The Indian aviation industry could be staring at a loss of up to $3.6 billion in the first quarter of FY21 due to the slump in demand and the suspension of flights because of coronavirus.
The estimates by advisory firm CAPA India adds that airlines alone could incur a loss of $1.75 billion. The rest of the losses will be incurred by airports, MROs, ground handlers and catering companies.
"The April-June quarter, traditionally one of the stronger quarters of the year for Indian airlines, is increasingly looking like it will be a washout," CAPA India said in the report released on March 25.
The two listed airlines - IndiGo and SpiceJet - could report combined losses of up to $1.50 billion across the fourth quarter of the present financial year, and the first quarter of FY21.
"IndiGo’s hitherto enviable free cash reserves may almost be wiped out. Smaller carriers may exit," it said.
The firm added that Tata Sons, the holding company of the Group, may be compelled to operate just of the two airlines that it has stakes in - Vistara and AirAsia India.
"This may be the right time to rationalise its airline portfolio," said CAPA India.
The estimates come as airlines grounded their fleet and winded up operations, temporarily, to meet the March 25 deadline set by the government to suspend domestic flights. It followed a series of similar travel restrictions to limit the spread of coronavirus, which has claimed nine lives in India, and over 500 have been reported to be infected.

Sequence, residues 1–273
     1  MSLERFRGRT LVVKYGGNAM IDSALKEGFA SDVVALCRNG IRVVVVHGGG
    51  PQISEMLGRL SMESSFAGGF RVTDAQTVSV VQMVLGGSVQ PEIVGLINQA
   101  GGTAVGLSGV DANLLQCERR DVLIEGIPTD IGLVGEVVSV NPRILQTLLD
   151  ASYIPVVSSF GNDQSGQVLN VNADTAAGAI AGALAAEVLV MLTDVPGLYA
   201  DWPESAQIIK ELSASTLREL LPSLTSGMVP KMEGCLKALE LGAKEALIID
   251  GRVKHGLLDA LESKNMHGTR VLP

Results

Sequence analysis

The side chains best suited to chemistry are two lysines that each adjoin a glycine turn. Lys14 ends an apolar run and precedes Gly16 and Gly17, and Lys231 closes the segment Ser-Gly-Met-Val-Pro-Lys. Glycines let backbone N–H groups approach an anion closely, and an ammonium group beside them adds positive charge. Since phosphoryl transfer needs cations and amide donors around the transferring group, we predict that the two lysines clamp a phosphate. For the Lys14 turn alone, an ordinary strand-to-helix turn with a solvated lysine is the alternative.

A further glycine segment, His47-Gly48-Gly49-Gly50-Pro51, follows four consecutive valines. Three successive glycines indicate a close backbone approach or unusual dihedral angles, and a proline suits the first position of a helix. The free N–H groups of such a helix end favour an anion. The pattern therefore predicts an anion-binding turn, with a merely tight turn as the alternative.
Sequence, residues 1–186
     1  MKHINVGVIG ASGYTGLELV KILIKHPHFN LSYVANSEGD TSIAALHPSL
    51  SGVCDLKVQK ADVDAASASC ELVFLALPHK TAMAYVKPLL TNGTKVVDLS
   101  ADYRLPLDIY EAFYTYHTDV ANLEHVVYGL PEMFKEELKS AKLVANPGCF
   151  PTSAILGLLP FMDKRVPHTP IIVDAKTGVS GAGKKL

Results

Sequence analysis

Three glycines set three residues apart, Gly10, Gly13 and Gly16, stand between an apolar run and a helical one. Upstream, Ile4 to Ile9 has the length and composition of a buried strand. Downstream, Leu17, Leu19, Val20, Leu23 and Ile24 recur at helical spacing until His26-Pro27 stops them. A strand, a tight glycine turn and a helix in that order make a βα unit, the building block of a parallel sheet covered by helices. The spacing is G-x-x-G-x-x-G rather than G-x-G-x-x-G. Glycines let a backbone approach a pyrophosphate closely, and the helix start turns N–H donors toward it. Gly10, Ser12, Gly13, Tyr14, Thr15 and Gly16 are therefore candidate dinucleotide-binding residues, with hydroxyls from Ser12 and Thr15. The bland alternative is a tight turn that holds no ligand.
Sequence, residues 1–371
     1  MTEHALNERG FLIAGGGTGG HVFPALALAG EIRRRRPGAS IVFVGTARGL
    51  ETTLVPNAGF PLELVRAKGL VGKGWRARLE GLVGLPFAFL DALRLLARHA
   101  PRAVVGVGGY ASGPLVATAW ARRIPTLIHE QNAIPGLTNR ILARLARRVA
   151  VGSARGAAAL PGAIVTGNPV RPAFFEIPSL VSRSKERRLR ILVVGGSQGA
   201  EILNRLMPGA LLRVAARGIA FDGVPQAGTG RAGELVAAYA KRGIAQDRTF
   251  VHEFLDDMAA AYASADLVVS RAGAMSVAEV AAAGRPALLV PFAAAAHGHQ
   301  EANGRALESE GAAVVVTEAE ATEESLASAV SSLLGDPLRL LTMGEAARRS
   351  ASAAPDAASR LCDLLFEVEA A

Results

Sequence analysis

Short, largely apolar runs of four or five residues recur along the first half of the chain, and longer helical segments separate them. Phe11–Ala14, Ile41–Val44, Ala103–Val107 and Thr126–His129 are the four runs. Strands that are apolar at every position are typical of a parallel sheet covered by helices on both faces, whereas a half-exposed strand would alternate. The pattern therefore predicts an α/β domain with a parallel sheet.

On March 24, Prime Minister Narendra Modi announced a national lockdown, which will continue till April 14.
In its first report on the impact coronavirus could have on the domestic aviation industry, CAPA India had said that the industry may lose up to $600 million in the first three months of the year, and that up. to 50 percent of the jobs could go redundant.
The second report is more damning on the prospects of the sector.
"If the first quarter is subject to continued and extensive disruption, with a rolling impact on the remainder of the year, it is possible that both domestic and international traffic could decline by 30-50% year-on-year in FY2021," it said.
The advisory firm, however, cautioned that "this is very much an indicative figure only, in what is a highly uncertain and fast-moving environment and should not be considered a projection."
It has suggested a three-phase support for airlines - cash infusion to meet urgent expenses; incentives like moratorium on outstanding payments and waiving charges; and recovery mechanism including easier credit lines.
"If the government is able to provide swift and meaningful assistance, it will also be incumbent upon the promoters of private carriers to play their part and collaborate by bringing in additional funds," CAPA India said.